UDP reading on multiple sockets
showell30 at yahoo.com
Tue May 19 12:08:41 EDT 2009
On May 18, 6:19 am, thomas.vo... at likeabird.de wrote:
> On 17 Mai, 04:22, Grant Edwards <gra... at visi.com> wrote:
> > On 2009-05-17, Thomas Vogel <thomas.vo... at likeabird.de> wrote:
> > > I'm currently have the problem that I try to read UDP messages from
> > > multiple sockets in parallel. So let's say I get UDP packets from the
> > > same IP on the ports 2000, 2001, 2002,...
> > Is there any reason you can't do it the easy way by using
> > select?
> > --
> > Grant
> The only honest answer would be that I'm totaly unfamiliar with select
> and also the documentation I found wasn't able to clear the picture.
> So are there examples of using select together with sockets available?
My two cents on this issue is that you should stick with asyncore for
now and just figure out how to debug better what's going on.
I understand the rationale behind the alternatives--there are
certainly advantages (even in debugging) to using something closer to
the metal, like select, or in using something that might be a better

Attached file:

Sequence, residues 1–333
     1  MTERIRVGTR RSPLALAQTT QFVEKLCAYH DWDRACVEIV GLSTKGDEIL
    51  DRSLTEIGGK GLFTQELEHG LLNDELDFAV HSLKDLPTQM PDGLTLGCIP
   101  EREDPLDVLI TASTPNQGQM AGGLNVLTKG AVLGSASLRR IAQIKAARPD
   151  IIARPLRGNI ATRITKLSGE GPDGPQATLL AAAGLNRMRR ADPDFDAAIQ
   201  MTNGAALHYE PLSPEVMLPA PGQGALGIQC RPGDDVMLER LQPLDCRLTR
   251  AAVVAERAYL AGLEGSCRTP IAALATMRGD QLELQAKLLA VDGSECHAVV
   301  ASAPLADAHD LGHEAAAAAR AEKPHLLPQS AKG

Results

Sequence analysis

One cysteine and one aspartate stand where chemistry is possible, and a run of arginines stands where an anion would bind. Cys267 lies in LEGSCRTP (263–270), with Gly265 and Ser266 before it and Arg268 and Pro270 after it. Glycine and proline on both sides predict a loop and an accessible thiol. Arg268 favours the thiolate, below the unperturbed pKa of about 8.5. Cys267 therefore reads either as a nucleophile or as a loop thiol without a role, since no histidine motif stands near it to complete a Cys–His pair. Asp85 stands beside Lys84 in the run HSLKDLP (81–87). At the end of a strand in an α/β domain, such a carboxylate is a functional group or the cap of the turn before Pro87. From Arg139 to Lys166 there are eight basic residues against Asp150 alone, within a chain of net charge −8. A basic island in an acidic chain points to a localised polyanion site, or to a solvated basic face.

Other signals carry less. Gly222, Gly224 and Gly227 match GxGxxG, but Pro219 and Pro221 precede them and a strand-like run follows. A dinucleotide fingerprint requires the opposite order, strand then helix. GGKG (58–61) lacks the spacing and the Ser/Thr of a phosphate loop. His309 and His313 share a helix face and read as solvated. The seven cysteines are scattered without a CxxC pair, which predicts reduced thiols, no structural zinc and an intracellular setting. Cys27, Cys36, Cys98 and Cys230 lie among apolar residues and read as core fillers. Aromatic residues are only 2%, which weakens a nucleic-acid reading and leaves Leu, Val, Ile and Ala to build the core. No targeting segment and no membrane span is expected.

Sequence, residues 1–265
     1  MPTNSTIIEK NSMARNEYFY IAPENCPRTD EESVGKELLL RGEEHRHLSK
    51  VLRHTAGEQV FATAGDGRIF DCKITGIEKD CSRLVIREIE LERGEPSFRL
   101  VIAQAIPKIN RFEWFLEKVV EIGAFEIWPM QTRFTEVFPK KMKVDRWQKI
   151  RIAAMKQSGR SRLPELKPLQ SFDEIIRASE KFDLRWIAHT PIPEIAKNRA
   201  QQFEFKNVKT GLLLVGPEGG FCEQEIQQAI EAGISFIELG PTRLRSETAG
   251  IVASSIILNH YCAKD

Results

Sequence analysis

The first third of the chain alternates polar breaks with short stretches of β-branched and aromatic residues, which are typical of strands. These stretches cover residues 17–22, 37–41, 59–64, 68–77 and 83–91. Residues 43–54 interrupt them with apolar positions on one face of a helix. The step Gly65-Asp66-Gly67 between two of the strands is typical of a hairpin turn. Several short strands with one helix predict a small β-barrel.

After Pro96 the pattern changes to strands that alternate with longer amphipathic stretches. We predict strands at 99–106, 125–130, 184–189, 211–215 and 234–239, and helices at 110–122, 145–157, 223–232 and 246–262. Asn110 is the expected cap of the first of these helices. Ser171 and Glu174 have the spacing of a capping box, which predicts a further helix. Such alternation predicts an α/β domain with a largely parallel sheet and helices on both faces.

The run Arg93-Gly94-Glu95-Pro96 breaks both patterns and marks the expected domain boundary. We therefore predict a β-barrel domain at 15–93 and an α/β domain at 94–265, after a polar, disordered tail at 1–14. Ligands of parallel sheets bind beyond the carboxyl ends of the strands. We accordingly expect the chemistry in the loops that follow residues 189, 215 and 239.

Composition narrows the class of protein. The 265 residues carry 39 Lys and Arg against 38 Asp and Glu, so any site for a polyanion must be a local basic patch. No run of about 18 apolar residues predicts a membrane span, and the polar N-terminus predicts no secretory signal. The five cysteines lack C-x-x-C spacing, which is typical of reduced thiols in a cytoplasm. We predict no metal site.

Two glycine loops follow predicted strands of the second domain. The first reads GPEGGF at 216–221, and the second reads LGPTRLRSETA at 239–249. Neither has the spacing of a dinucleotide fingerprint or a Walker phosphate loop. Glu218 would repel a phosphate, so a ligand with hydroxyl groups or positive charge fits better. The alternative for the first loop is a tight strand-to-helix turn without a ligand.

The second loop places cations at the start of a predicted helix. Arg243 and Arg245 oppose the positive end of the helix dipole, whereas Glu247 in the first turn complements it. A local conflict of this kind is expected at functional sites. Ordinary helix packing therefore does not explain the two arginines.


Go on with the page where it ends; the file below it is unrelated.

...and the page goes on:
abstraction, like Twisted.
But really, if you look at the source code for asyncore, it's just a
thin layer on top of select.select, and the entire module is under 600
lines of code. Asyncore is much maligned, and there are some
legitimate beefs with it, but it does well, for the most part, what it
intends to do, which is to solve some of the more difficult, or at
least tedious, problems with regards to dealing with select.select.
My fear is that if you try to do this without asyncore, via select,
you'll end up reinventing lots of asyncore with lots of your own
bugs. I have less fear about going higher in the stack, except that
it just puts another layer on top of the problem, and I think the
issue you're dealing with is fairly low-level.
So my suggestion is to figure out a good debugging strategy, either by
getting a bit more familiar with asyncore internals (with a debugger,
print statements, analysis, etc.), or by better using system tools
(like snoop, truss, etc.) to see what's happening at the I/O level, or
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